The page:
Step 5: Add the outstanding amount of an Economic Injury Disaster Loan (EIDL) made between Jan. 31, 2020 and April 3, 2020 that you seek to refinance. Do not include the amount of any “advance” under an EIDL COVID-19 loan (because it does not have to be repaid).

For examples and more information on this process, please refer to the SBA and Treasury guidance on loan calculations available here.

What’s the interest rate on Paycheck Protection Program loans?

1% fixed rate

What timeframe can borrowers use to determine their loan amount?

New borrowers can choose 2019 or 2020 as the base period for their loan calculations. Borrowers who apply for PPP loans in 2021 and who are not self-employed (including sole proprietorships and independent contractors) are also permitted to use the precise 1-year period before the date on which the loan is made to calculate payroll costs if they choose not to use 2019 or 2020.

Borrowers may use their average employment over the same time periods to determine their number of employees, for the purposes of applying an employee-based size standard. Alternatively, borrowers may elect to use SBA’s usual calculation: the average number of employees per pay period in the 12 completed calendar months prior to the date of the loan application (or the average number of employees for each of the pay periods that the business has been operational, if it has not been operational for 12 months).

What do I need to apply?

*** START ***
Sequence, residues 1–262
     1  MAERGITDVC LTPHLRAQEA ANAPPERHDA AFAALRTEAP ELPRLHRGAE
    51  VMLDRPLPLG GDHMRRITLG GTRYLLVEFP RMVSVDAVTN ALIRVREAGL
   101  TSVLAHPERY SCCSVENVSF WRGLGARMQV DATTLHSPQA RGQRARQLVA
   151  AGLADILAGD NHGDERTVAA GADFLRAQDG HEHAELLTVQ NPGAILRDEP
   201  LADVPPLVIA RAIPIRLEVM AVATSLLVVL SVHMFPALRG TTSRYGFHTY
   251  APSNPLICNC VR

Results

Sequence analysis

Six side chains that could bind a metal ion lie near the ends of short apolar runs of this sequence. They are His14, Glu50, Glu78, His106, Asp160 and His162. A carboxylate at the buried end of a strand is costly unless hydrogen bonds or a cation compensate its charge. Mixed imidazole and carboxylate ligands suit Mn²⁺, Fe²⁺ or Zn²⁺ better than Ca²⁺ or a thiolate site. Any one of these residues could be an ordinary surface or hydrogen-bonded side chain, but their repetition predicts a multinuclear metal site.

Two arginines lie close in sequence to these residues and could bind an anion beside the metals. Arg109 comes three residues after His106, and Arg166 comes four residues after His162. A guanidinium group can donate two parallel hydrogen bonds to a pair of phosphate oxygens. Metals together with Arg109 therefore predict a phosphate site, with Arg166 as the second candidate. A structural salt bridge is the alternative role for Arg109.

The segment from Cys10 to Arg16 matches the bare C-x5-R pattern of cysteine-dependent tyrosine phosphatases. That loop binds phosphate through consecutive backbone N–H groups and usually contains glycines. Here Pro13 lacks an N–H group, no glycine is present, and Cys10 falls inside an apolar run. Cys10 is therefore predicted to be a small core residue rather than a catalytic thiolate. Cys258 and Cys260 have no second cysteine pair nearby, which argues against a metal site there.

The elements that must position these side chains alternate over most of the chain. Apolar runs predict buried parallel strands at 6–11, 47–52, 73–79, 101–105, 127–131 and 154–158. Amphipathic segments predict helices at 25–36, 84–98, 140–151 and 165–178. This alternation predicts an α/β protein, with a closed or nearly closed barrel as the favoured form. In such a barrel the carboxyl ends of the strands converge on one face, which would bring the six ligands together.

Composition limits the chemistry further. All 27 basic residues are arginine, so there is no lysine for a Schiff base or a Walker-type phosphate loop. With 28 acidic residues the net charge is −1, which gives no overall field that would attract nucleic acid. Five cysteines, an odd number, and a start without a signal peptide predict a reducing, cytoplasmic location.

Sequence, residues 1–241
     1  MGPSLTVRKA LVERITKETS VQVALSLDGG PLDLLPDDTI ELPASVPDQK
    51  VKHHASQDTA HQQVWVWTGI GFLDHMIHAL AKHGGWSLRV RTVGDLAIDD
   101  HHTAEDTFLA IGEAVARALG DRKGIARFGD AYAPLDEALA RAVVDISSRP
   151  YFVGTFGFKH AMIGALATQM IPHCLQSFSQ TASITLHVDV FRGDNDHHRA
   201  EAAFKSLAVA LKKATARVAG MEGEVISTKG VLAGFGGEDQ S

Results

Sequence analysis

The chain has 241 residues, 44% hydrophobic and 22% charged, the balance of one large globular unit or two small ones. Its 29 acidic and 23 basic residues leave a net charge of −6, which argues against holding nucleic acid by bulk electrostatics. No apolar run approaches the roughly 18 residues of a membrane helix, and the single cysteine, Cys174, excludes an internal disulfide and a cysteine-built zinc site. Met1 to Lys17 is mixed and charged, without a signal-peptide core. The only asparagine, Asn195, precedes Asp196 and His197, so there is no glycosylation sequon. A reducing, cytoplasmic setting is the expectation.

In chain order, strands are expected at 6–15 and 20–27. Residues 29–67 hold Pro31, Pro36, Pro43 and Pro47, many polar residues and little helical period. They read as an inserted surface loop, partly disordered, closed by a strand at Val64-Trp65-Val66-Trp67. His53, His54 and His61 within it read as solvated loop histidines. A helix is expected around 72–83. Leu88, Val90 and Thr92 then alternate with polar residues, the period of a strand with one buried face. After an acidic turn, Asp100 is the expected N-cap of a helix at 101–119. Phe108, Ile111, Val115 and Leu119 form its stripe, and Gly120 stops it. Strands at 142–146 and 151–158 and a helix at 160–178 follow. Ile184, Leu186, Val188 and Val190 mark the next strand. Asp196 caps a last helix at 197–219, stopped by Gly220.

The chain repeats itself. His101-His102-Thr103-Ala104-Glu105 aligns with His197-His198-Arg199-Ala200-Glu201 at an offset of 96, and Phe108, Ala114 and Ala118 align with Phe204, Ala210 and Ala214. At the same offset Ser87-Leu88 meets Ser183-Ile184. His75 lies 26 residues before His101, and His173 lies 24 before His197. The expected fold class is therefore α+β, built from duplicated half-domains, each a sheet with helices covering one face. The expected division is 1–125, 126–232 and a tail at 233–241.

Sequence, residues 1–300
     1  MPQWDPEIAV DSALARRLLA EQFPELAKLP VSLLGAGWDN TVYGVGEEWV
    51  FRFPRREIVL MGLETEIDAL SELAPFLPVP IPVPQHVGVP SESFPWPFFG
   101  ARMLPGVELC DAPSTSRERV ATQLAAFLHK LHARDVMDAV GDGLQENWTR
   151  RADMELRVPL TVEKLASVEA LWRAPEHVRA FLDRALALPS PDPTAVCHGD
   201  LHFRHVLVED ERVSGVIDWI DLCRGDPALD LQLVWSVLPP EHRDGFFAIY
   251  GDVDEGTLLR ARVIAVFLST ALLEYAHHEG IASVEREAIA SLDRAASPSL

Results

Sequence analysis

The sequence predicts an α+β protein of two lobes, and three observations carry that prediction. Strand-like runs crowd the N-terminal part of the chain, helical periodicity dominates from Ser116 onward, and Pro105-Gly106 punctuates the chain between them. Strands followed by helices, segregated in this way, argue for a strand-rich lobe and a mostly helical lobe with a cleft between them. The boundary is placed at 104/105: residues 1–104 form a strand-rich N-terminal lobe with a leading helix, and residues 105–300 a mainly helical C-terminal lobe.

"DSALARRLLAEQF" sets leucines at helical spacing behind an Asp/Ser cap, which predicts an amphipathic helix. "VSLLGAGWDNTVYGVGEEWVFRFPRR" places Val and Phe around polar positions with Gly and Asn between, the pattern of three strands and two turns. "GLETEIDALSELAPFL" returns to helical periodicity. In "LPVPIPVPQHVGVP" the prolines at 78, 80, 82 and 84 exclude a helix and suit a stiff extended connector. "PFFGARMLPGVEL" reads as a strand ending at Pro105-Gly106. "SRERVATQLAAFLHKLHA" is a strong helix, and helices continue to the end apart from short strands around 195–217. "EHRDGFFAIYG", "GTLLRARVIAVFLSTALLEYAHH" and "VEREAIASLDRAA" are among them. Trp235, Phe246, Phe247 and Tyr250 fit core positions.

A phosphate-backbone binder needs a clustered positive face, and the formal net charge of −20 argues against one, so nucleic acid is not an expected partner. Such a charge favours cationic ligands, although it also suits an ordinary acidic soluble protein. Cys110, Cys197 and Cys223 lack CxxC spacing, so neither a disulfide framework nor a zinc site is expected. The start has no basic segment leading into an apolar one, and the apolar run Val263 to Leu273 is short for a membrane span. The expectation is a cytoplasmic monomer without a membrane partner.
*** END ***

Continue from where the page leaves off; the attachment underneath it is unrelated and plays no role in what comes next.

You will need to complete the Paycheck Protection Program loan application and submit the application with the required documentation to an SBA-approved lender that is available to process your application by March 31, 2021. Click here for the application.

You will also need to provide your lender with payroll documentation.

Should payments that an eligible borrower made to an independent contractor or sole proprietor be included in calculations of the eligible borrower’s payroll costs?

No. Any amounts that an eligible borrower has paid to an independent contractor or sole proprietor should be excluded from the eligible business’s payroll costs. However, an independent contractor or sole proprietor will itself be eligible for a loan under the PPP, if it satisfies the applicable requirements.

What is required for the new simplified loan forgiveness application for loans under $150,000?

On covered loans of not more than $150,000, the borrower must sign and submit a one-page certification to their lender. This new certification form is to be established by SBA within 24 days of the enactment of the relief bill.

The certification will require the borrower to provide:

  • A description of the number of employees the borrower was able to retain because of the loan;
  • The estimated amount of the loan spent by the borrower to pay payroll costs; and